The origins of the cordon fence and its main objectives

15 September 2021 | Opinion

W.S. KAMATI

The colonial German authority intended to proclaim the entire Namibia including the far northern part, surprisingly they faced a fierce resistance from the northern leaders such as king Nehale lyampingana and others. In order to secure their security and interests they decided to erect a cordon fence and military garrison with the intentions to curb and control the movement of the people from the northern part into the southern part of the country.

These military garrisons are now seen in Grootfontein, Outjo, Namutoni and Okaukuejo. Amidst this construction there was a countrywide breakout of Rinderpest amongst the cattle (1896-1897).

Due to the pandemic these military garrison were turned into quarantine facilities especially the Namutoni at the centre was used as a control and human checkpoint for northern people who wish to travel to the southern part. In this light the initial fencing was never meant to control livestock movement into the southern part, however currently the cordon fence is now used as a pretext to curb livestock movement.

In 1904 the same fence was set up alongside the Kalahari Desert after the Ohamakali Herero genocide. After the genocide the Hereros fled into Botswana, therefore this fence was intended to stop them from returning to Namibia.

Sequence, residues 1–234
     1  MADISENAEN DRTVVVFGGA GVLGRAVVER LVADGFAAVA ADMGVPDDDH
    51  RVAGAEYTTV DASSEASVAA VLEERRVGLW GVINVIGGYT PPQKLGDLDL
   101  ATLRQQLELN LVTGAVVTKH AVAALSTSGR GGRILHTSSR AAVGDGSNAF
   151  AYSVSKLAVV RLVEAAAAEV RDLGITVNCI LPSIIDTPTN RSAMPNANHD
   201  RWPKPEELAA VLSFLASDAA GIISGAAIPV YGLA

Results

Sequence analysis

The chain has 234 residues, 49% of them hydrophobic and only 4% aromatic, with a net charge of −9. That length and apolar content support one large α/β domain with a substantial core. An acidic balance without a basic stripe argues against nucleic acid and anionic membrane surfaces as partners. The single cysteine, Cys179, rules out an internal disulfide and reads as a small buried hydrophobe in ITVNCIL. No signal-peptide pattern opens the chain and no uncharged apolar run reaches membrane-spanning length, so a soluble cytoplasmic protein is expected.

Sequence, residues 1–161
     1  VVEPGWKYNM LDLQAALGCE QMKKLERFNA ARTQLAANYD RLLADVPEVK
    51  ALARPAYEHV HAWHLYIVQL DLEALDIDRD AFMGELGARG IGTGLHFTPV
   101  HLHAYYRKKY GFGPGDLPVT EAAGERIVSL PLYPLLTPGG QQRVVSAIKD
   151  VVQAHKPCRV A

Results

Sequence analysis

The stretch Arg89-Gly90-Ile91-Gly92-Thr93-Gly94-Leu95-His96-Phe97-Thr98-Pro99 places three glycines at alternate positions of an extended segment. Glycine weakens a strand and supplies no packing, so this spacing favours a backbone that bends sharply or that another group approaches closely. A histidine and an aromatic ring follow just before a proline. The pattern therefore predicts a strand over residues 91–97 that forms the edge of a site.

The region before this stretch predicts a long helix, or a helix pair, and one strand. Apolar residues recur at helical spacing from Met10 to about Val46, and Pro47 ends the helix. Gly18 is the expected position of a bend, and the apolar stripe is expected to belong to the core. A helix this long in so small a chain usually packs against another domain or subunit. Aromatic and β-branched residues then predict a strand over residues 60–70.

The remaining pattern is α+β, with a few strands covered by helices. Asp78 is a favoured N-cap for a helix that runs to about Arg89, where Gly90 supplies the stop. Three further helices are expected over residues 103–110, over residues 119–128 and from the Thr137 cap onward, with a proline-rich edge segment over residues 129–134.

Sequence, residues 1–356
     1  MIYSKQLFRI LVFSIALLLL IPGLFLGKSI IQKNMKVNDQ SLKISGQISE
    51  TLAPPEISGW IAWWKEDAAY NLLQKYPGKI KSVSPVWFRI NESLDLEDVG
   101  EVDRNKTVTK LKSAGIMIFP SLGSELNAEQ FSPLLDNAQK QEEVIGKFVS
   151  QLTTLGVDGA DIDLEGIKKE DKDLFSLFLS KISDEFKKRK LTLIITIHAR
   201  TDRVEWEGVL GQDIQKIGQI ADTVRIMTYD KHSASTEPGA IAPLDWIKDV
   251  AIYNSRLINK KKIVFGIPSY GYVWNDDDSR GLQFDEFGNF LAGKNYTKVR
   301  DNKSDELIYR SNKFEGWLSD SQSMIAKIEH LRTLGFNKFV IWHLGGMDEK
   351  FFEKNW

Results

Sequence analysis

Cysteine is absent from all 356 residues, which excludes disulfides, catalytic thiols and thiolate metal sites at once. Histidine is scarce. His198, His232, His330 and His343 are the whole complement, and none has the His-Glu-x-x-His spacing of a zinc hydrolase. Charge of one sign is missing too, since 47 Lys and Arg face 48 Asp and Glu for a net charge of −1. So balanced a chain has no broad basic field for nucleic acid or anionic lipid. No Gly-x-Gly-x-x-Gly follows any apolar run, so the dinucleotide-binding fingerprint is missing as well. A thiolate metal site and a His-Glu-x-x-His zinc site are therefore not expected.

The initial objective of this fence was to separate the northern people from their mother country and the rest of Namibia.

The Germans found a political motivation to punish the northern people due to their resistance that led to the failure of successfully proclaiming the area.

The origins of the Red Line

The Red Line fence was a rebirth from the cordon fence, subsequently the result of the revolt of the northern people and their leaders, in 1911 the Germans made a significant mark on the Namibian map with a red ink that denoted danger and this was deliberately made to bring about fear and scare the rest of the world. This red ink marking on the map is now what we know as the Red Line cordon fence. This fence was to control the northern people and their livestock and products, to prohibit development within the area such as investments, financial markets, banish them from being industrialised.

In the same light due to the Red Line the northern people could only work as contract labours (cheap labour) as they could only get what their masters wish to give and no questioning.

Effects of the Red Line

Currently there are obstructions and threatening Namibian laws that disadvantage people from the northern part, such as:

1. Marriages (community out of property);

2. Property rights;

3. No land title deeds;

4. Credits unworthiness (bank);

5. The prohibition of the livestock and its products from entering the southern part;